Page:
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Stricter and subtler: how China has ramped up instant messaging censorship

Stricter and subtler: how China has ramped up instant messaging censorship

The chat application LINE has strengthened its censorship methods in mainland China by targeting phrases and word combinations.

China: Chen Xiwo banned book published in English

China: Chen Xiwo banned book published in English

Chen Xiwo, described as “one of China’s most outspoken voices on freedom of expression for writers” by Asia Sentinel, has spoken about how he challenged the Chinese government’s decision to censor his latest book ahead of its launch in English.

India: Frontline Freespeech Workshop, 24 Sept

India: Frontline Freespeech Workshop, 24 Sept

Index on Censorship in association with the Digital Empowerment Foundation, India, invite you to a workshop to launch Frontline Freespeech, a pilot project seeking to amplify the voice of individuals under pressure.

India’s Modi bypasses mainstream media and takes to Twitter

India’s Modi bypasses mainstream media and takes to Twitter

Prime Minister Narendra Modi's penchant for using social media to address the public directly has apparently caused a rift with India's mainstream press. Mahima Kaul reports

Malaysia: The newspaper that can’t print “Allah”

Malaysia: The newspaper that can’t print “Allah”

An appeal for Catholic newspaper The Herald to be allowed to print the word Allah in its Malaysian edition has been turned down. Tom Francis writes

Combatting the Snowden Effect: National interest and media freedom in Australia

Combatting the Snowden Effect: National interest and media freedom in Australia

A piece of proposed legislation in the senate in Australia is attempting to wrestle with the legacy of the Snowden leaks with potential implications for media freedom. Nicholas Williams reports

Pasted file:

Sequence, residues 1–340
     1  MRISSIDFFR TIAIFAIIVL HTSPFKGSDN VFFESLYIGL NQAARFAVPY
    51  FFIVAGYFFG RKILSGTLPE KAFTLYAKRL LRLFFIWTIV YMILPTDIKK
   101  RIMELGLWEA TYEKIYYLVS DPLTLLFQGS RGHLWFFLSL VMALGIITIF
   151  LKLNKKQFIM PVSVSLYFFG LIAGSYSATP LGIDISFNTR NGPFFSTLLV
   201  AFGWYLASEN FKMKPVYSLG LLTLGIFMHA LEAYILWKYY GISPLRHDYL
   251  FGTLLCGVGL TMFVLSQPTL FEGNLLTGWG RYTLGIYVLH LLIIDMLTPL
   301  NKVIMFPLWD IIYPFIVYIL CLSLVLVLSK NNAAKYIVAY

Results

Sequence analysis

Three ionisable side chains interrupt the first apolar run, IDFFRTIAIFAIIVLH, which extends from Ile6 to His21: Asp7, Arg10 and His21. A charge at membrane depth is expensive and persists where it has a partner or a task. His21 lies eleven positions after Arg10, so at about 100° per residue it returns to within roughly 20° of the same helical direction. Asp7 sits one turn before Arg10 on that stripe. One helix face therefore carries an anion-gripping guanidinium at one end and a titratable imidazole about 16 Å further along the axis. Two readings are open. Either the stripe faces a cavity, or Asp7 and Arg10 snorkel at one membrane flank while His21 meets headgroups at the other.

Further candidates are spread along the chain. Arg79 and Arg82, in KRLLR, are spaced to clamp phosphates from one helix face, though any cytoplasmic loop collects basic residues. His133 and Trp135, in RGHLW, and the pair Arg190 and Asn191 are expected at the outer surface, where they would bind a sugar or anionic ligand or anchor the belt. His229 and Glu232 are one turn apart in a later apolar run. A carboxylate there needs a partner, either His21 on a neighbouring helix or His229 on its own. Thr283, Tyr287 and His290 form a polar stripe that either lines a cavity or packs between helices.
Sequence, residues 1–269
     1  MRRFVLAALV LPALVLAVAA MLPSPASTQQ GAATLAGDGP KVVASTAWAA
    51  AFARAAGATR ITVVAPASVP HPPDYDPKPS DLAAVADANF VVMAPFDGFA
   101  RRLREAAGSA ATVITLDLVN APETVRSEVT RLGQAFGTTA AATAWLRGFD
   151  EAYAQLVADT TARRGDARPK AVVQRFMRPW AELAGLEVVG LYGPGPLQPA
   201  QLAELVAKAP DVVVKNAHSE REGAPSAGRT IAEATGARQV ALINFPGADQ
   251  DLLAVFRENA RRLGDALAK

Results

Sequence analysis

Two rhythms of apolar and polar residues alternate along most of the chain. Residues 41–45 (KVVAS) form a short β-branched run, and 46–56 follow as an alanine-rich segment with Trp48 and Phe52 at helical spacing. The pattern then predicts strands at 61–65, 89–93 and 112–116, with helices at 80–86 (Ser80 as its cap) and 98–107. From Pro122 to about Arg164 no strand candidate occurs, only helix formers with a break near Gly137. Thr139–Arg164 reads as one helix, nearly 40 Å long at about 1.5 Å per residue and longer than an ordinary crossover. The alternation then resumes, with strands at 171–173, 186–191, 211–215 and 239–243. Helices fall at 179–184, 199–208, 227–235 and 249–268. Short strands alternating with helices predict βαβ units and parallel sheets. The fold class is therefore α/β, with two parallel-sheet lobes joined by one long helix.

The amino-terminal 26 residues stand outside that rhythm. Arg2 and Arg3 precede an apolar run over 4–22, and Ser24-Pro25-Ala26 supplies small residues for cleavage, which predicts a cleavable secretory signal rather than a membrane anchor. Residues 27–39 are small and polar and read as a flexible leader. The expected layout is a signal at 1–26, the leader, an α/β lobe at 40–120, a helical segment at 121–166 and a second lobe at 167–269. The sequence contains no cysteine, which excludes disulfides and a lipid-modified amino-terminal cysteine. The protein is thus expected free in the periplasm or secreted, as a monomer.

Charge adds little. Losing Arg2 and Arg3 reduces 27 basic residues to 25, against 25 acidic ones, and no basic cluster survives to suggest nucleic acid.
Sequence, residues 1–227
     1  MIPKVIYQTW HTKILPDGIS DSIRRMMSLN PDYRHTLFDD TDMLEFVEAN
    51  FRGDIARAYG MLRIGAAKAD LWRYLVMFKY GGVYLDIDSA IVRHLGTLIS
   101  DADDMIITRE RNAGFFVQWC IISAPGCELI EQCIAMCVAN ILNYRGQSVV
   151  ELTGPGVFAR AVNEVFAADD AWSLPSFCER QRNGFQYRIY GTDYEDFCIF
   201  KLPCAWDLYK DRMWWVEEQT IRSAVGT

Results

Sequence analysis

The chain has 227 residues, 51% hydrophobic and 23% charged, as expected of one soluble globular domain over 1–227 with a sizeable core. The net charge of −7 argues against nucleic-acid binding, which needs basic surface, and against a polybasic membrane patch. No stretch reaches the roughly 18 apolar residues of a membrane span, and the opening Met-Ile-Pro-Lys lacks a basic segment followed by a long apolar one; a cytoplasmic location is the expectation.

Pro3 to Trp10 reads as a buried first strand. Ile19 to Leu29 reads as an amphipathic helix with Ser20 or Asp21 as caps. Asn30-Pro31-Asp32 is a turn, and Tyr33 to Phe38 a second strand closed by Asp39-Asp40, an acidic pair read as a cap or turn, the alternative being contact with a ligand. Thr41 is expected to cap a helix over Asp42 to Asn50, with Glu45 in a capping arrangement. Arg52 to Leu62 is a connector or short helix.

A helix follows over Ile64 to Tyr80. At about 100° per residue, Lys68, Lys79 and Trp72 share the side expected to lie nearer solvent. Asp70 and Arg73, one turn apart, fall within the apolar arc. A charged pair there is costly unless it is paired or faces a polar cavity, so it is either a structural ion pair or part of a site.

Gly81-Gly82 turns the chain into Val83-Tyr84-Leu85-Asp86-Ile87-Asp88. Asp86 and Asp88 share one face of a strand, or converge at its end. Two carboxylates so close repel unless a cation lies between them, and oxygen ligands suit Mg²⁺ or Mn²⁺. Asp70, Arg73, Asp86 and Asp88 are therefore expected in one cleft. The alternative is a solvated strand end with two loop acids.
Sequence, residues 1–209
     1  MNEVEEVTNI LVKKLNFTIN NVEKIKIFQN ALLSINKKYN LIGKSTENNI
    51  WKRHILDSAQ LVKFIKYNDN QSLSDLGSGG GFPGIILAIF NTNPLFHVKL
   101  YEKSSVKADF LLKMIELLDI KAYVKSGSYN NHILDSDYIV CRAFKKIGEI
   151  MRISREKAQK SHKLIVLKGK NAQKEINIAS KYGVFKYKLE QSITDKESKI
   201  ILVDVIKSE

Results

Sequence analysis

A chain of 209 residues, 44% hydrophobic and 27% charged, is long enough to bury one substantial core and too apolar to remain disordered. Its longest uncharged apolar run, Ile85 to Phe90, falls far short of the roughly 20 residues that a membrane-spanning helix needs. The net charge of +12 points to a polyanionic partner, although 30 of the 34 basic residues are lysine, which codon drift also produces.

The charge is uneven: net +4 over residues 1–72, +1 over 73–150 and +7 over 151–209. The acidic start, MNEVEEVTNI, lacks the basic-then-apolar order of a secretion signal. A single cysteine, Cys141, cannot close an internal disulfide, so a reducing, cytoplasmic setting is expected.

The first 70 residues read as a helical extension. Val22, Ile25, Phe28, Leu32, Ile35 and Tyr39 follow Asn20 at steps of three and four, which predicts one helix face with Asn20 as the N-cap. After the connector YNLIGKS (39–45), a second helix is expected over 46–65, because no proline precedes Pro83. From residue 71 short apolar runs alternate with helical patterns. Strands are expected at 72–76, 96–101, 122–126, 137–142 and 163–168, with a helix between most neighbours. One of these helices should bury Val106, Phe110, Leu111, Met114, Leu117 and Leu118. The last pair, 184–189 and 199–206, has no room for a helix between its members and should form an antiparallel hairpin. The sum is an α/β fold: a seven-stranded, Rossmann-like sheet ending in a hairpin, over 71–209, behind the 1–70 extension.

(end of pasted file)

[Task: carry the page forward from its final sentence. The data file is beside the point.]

Are India’s internet laws ready for the digital age?

Are India’s internet laws ready for the digital age?

The Global Network Initiative and the Internet and Mobile Association of India have launched an interactive slide show exploring how India’'s internet and technology laws are holding back economic innovation and freedom of expression.

Padraig Reidy: Blasphemy laws protect only power, never people

Religious persecution is real, and should be fought. Freedom of belief is a basic right. But blasphemy laws protect only power, and never people.

Pakistan’s complicated media freedom threats

Pakistan’s complicated media freedom threats

Pakistan's journalists are daily confronted with a bleak statistic: Since 1992, 30 journalists have been murdered in Pakistan; 28 with impunity. Milana Knezevic reports

Thailand: Can the junta deliver on promises to “bring back happiness”?

Thailand: Can the junta deliver on promises to “bring back happiness”?

The junta’s message to the public is, don’t worry about the abrogation of human rights, freedom of assembly and the clampdown on the media, writes Tom McGregor

India’s social media “peace force”

India’s social media “peace force”

Indians have organised online to stop social media postings looking to incite communal tension. Will it work, and is it a threat to free expression? Mahima Kaul reports

The “slippery slope” of Chinese literary censorship

The “slippery slope” of Chinese literary censorship

American journalist Evan Osnos says he turned down the opportunity to publish a copy of his new book in China because censors asked for almost a quarter to be struck out. The case highlights the dilemma writers face publishing in a country now hungry for western works, reports Dinah Gardner

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